Pinched a nerve in your neck ? what you need to know to get better

Anatomy of the nerve in the neck

To begin with its worth looking at the anatomy of the neck and the nerves that come from it.

Dorsal root ganglion

There are 8 pairs of spinal nerves that come from the spinal cord and exit between the cervical vertebrae.

As the nerve exits the spine there is a thickening of the nerve called the dorsal root ganglion.

It is this part of the nerve root that  is most vulnerable to injury and most likely to cause the painful symptoms associated with a pinched nerve.

 

 

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Dermatomes: where the nerves refer to in the arm

At  each level in the neck there are are two nerve roots, one going to the left side of the body, the other going to the right side of the body.

These nerve roots then go on to branch off into many different directions, ultimately forming a network of nerves that supply the entire arm.

Where you feel the pain in the arm can give us a clue to what nerve root is causing the problem. This regions are called dermatomes

 

Here’s a short video explaining and demonstrating the anatomy of the cervical nerves

 

With that, dermatomes are defined as specific areas of the skin supplied by a single nerve root. The cervical nerve roots, which are the ones that come from your neck, generally supply skin to the head, some of the face, neck, shoulders, arms, and hands

Symptoms of the pinched nerve in the neck

Usually if you have a sensitised nerve from your neck you’ll find you have symptoms in certain parts of your arm depending on the nerve that is affected.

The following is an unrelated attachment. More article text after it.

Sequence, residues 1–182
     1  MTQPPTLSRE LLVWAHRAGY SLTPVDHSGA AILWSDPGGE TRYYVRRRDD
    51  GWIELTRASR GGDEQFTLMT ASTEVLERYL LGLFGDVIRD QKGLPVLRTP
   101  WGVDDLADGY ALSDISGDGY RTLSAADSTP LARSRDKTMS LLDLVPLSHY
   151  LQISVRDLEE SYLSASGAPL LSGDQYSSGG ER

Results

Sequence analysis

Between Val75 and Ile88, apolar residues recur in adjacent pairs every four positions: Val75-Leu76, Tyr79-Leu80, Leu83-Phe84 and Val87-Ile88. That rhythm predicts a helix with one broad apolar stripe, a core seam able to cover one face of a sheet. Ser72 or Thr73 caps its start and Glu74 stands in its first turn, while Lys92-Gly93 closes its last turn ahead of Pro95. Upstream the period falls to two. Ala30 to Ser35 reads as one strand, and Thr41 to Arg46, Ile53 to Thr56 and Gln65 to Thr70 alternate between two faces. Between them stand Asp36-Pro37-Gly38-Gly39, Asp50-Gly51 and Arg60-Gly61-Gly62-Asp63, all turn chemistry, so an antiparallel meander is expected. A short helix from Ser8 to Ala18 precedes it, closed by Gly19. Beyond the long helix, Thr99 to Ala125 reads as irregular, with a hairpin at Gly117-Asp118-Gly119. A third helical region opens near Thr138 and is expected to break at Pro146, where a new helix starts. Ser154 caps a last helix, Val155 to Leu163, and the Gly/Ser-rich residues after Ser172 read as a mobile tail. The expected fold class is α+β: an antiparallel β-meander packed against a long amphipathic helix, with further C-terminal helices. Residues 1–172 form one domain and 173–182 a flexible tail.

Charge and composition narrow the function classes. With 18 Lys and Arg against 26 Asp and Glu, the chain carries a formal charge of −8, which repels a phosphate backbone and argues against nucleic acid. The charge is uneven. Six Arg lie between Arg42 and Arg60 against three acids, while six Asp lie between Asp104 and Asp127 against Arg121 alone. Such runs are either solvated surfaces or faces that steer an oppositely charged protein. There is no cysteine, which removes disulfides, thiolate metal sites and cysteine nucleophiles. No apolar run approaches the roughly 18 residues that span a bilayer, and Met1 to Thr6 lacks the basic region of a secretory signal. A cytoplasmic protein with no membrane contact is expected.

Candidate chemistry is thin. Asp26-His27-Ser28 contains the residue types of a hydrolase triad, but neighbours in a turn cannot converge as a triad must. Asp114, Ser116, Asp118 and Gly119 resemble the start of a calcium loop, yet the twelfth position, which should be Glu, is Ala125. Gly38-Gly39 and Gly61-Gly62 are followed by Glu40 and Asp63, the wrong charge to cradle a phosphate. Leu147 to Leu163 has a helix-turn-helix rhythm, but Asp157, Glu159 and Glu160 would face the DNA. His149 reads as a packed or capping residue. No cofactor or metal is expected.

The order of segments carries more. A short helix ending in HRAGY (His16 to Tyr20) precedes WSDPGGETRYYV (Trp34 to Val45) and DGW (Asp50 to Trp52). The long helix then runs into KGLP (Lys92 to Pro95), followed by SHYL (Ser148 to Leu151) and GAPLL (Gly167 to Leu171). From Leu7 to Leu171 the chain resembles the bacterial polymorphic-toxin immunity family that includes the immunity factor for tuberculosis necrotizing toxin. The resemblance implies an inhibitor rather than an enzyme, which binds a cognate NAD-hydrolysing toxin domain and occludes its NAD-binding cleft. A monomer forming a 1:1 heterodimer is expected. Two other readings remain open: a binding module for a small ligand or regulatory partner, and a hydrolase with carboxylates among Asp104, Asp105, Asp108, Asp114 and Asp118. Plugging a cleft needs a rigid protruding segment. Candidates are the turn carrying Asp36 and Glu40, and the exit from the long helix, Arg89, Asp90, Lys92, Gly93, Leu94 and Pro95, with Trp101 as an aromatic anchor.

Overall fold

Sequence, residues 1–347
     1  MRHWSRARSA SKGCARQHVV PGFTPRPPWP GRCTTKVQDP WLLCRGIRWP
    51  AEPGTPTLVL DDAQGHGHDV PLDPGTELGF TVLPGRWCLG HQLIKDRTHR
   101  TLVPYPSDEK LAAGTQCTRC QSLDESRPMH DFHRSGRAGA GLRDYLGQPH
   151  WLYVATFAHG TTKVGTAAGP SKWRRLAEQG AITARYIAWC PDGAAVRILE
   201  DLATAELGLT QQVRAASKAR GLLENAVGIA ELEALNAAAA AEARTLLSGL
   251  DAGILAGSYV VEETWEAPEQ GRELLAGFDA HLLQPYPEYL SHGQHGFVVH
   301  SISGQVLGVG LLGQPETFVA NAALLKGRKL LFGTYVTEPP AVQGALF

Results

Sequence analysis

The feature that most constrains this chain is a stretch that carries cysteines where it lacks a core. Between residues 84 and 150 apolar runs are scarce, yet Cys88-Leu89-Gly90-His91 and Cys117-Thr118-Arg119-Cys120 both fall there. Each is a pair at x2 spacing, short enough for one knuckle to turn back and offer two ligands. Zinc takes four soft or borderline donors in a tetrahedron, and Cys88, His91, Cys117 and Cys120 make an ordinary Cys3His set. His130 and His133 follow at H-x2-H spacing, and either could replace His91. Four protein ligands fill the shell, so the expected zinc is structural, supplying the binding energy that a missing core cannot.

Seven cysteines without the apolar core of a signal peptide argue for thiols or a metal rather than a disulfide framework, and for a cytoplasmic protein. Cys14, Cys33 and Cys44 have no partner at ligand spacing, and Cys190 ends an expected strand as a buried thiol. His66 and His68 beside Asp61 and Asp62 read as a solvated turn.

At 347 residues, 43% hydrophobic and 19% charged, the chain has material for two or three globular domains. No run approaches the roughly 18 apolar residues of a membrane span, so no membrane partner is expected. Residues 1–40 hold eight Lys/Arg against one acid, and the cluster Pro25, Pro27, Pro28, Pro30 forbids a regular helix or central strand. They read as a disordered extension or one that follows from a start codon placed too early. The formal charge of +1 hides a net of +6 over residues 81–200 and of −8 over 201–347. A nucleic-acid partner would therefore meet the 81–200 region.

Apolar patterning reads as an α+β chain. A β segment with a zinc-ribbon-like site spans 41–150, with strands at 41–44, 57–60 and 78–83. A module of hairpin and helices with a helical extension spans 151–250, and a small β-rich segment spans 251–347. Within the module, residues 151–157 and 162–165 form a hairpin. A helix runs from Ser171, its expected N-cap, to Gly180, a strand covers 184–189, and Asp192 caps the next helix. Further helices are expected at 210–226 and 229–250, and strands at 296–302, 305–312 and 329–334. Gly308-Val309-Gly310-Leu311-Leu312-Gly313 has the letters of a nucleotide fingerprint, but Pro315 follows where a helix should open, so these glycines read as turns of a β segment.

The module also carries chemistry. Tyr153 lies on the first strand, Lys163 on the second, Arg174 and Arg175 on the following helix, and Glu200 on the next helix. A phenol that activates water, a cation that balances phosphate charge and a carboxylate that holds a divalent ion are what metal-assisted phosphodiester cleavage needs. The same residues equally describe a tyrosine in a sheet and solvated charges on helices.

The symptoms of a pinched nerve or cervical nerve root issue can vary from intermittent annoying type pains to more severe constant symptoms.

Symptoms are often described as being anywhere from a heavy feeling, aching, sharp or stabbing  like feelings
to more unrelenting burning pain or deep “toothache” type symptoms.

Often cervical nerve root symptoms do  not in  fit into neat  patterns of pain  that Dr google may tell you and commonly we will see the following features when patients present with a pinched nerve in the neck:

  • Pain in the lower neck spreading out towards the point of the shoulder, sometimes confused with shoulder pain.
  • Pain in border of shoulder blade or the whole of the shoulder blade
  • “patchy” type pain down the back or front of the arm, often in the triceps or bicep region. Not unusual to hear people talk about a gripping feeling at this area.
  •  Pain in the  forearm that goes into the  into the hand sometimes mistaken as a tennis elbow.
  • Pins and needles or numbness in the arm or specific fingers.

Symptoms are often more intense at particular sites and these are not necessarily  at the neck where all the action tends to be happening.

This is why its not uncommon for this condition to be confused with shoulder related pain  or tennis elbow if their symptoms are most intense in these regions.

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A pinched nerve is an overly sensitive cervical nerve.